ELKVILLE, IL (KFVS) - Fifteen years ago, Dennis Bastien said he wanted to help promote the desire to play baseball in southern Illinois' youth.
To accomplish this, he carved a piece of land from an old cornfield just outside of Elkville on Route 51 and built Powerade Park.
Bastien said it was a park with fields for youth baseball and softball sized for all age groups up to high school, three level-3 sized fields, triple-A rated lights, a 36-foot x 16-foot electronic digital scoreboard, and a large ballpark out front which was built from the blueprints of the field in the movie, "A League of Their Own."
Of course, it was complete with a grandstand and concession booths, which Bastien said thousands of people had sat in over the years.
According to Bastien, there were up to 200 different travel teams from all around the Midwest that came out to play ball.
On February 28, 2017, the Perryville Tornado destroyed the complex, tearing apart the fields, warping and ripping fencing from the ground, and leveling concession and pavilion areas.
Bastien said the huge digital scoreboard still hasn't been found.
"I don't mind confessing that I broke down," Bastien said on his initial thoughts seeing his field and years of work torn down. "It was 15 years into building it, 15 seconds to take down."
Bastien said he and his wife counted their blessings. His home, not far from the field, was intact, whereas he said some of his neighbors in his rural community weren't so lucky.
He said he considered rebuilding, but he and his wife talked it over and decided it was a sign that after over 50 years of playing, coaching, managing, and doing essentially any job remotely related to baseball, it may be time to slow down. Then, he had an idea to keep the spirit of Powerade Park alive.
"We would rather get the word out and donate it to little league fields, high school fields, junior high fields, youth complexes etc.," he said, "To build new fields, repair theirs, add new fencing, add new posts, add new dugouts, etc."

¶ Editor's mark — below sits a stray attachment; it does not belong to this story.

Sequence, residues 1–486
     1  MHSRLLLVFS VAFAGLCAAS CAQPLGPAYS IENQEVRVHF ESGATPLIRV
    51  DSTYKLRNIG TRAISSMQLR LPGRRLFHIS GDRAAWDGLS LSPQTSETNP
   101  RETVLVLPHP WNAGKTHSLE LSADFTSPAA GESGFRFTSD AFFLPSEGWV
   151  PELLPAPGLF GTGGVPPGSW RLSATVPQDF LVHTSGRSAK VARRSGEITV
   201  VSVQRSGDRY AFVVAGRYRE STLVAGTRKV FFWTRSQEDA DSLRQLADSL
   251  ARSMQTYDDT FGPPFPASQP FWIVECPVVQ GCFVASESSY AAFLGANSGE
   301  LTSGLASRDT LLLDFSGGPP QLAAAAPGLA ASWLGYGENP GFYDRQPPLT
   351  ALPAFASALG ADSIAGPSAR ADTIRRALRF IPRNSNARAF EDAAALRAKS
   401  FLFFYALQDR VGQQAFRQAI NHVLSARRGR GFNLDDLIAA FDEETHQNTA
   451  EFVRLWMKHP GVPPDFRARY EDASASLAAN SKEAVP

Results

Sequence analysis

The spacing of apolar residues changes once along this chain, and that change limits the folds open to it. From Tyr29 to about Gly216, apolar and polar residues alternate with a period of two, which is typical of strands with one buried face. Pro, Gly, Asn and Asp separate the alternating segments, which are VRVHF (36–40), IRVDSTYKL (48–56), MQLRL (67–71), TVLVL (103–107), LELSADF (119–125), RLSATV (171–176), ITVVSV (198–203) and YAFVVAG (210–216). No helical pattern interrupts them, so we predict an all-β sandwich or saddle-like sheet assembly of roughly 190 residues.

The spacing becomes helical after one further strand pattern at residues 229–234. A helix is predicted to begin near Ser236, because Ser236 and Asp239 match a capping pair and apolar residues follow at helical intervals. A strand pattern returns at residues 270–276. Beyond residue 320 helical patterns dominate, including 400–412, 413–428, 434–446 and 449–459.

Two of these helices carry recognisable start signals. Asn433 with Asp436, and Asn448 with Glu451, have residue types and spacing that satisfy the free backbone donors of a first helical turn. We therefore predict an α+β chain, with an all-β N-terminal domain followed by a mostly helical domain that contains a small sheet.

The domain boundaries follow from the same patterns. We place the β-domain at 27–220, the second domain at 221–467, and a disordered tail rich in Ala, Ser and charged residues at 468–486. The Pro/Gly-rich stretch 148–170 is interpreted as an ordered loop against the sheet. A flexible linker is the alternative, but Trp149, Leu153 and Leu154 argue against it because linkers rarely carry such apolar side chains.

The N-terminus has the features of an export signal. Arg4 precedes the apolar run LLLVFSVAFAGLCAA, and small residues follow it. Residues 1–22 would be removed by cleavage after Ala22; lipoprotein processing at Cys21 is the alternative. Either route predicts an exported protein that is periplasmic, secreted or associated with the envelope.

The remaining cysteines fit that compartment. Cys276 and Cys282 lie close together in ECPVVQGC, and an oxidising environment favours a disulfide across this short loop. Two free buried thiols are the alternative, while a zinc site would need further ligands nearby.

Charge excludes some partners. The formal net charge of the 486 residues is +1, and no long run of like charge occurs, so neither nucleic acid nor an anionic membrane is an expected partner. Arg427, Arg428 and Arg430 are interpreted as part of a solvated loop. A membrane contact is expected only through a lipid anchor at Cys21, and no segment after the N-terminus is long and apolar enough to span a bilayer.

So he spread the word that he was going to donate any fencing, poles, equipment, and anything else that could be salvaged from the park to any program that might need them for repairs. Within a couple weeks youth programs and teams came out and helped him pick up the pieces of his field.
Bastien said pieces of the field made their way to youth programs and teams all over southern Illinois in Murphysboro, Grand Tower, Tamaroa and Crab Orchard, just to name a few.
Another was Robert E. Summers sports complex in DuQuion, where the president of DuQuion Baseball Inc., Chris Robinson, said they need a lot of repairs.
When asked about how he felt about the destruction of Powerade Park, Robinson said he had some mixed emotions.
"My daughter used to play there, she loved it," he said. "I feel sorry that it isn't down there anymore, but it helps us because we're nonprofit. We just run off donations and help."
The DuQuion complex has several fields ranging for different age groups. Much of the fencing is rusted out and bent from age. Robinson said they received at least 400 feet of fencing that could have run costs up to nearly $7,500.
Robinson said the complex is very busy with members of the DuQuoin community packing the stands to watch the 250 kids in the program play every year.
He said he wants the park to be up to standard. When summer comes around and the baseball season slows down, he and other volunteers from the community will go to work to get it there. He said there's even enough fence to put around parts of the complex to help keep people who have been vandalizing the park out.
Since Powerade Park's destruction, Bastien has accepted the role of Commissioner of the Prospect League, a college summer wood-bat league.
He said he was heartbroken to see the field fall, but he's happy to keep playing a part in southern Illinois youth baseball and have more time to spend with his wife and three adult children.